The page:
That’s particularly true of the Navy, which has been shrinking in size since the first President Bush declared a “peace dividend” at the end of the Cold War. As of today, the US Navy has 272 ships active in the fleet—the smallest overall since 1916. “In the 1980s, we almost reached 600 ships,” said Eric Wertheim, author of the Naval Institute Guide to Combat Fleets of the World. That’s not to say that the Navy is in danger of being outclassed any time soon. “Our Navy, when you count gross tonnage, is still more powerful than any Navy in the world,” said O’Hanlon. “We have large deck amphibious ships and air craft carriers that other countries don’t. Because of the ship’s smaller size — manned by about 230 sailors — sailors had to be able to do each others’ jobs, and they got to know each other well. “You spend more time with these sailors than you do with your own family,” said Roskelly, who married a year-and-a-half ago, not long before another deployment. Even with reduced maintenance schedules, “ships now deploy for eight months or longer now instead of six,” said O’Hanlon, and repairs are put off so the ships stay available.

In the bridge, where the 8-million-pound ship is steered by a 3-inch wheel, one sailor scrawled a parting message on a radar screen. “I don’t love you,” it said. The decommission crew had to ensure the ship was water-tight before it could be towed to Philadelphia for a sale and a potential future life in another nation’s navy. He died 51 years ago, but his son Rodger Whitten Simpson Jr. said he was glad to see the Navy continuing to change and to commission new ships ready for modern war.

As the service tried to fund its new ships, the Navy permanently reduced the number of ships already to save tens of millions of dollars per ship on operations while spending billions on a smaller number of ships that would, in theory, operate less expensively longterm. “People don’t realize that one of the biggest costs of any ship is its crew,” said O’Hanlon. So how large a fleet the US can sustain will in part be driven by “how manpower-efficient the ships are.” The Littoral Combat Ship and the Zumwalt (DDG-1000) class ships were designed with the idea of improving manpower efficiency—requiring a fraction of the crew required for the ships they are intended to replace. On the LCS, for example, the Officer of the Deck (the officer in charge of directing the movement of the ship on a watch team) actually “flies” the ship personally from a cockpit-like console; older ships require two enlisted watch standers to steer and signal orders to the engine room at the OOD’s commands. Other countries have been doing things that aren’t desirable from our point of view, and we need more capability in the Pacific than we’ve had,” O’Hanlon said. “So having a larger navy in that area would be a minimal requirement… we would like to increase the proportion of the fleet in the Pacific and actually get more presence there.” Many of the current demands on the fleet (including humanitarian operations and simply projecting a presence in areas around the world) could be conducted by relatively less expensive ships like the LCS and the Joint High Speed Vessel (JHSV) ships now being built. The JHSVs, based largely on commercial long-range ferry designs, are capable of carrying company-size Army or Marine Corps units and supporting transport helicopters.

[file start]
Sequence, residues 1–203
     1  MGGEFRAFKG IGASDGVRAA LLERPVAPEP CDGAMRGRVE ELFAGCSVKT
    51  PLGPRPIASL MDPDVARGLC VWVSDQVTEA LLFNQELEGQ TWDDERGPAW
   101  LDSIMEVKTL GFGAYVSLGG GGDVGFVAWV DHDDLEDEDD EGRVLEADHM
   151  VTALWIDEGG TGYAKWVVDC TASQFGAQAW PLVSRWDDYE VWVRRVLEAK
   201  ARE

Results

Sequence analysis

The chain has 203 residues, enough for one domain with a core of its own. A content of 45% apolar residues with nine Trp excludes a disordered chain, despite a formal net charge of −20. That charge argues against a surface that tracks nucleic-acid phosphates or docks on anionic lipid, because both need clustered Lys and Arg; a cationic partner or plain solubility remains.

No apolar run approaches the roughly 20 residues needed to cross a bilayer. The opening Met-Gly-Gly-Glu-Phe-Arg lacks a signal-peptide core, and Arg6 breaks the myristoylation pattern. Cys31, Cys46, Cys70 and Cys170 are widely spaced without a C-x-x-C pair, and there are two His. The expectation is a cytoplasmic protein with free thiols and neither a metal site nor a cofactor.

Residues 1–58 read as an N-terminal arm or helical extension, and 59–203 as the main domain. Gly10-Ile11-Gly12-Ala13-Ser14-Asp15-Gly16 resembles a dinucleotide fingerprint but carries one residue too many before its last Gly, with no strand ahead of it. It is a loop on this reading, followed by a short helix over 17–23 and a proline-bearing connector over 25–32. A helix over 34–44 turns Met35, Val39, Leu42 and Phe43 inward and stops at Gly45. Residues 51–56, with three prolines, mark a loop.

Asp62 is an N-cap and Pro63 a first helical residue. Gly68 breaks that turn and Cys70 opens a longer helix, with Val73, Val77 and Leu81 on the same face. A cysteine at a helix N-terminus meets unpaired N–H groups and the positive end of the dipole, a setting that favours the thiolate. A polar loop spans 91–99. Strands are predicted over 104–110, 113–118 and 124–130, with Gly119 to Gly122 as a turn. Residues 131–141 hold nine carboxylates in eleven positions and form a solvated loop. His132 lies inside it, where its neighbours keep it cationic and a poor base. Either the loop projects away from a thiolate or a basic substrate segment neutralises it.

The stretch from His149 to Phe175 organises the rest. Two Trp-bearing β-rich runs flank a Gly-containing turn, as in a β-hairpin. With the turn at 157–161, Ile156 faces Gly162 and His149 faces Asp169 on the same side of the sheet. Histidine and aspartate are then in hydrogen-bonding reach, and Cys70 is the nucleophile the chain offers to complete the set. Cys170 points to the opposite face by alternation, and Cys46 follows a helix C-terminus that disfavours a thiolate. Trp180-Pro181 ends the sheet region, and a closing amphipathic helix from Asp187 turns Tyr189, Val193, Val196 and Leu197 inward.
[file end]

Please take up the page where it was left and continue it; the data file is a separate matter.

The LCS ships were originally supposed to cost just $220 million to build, though there were substantial cost overruns, and the LCS class is now going through a redesign to make it more frigate-like in firepower. But “you could build 20 LCS with what it costs to build one aircraft carrier,” O’Hanlon said. “The Navy could change the configuration of its fleet and get to 350 fairly easily.” The problem faced in arriving at what size the fleet should be, however, isn’t just about stopping its shrinkage. You have to make sure that your ship building plan supports whatever the strategy is, and not the other way around.” The risk of not doing anything, Wertheim added, is that “you lose the ability of allies to count on us and let other navies fill that vacuum.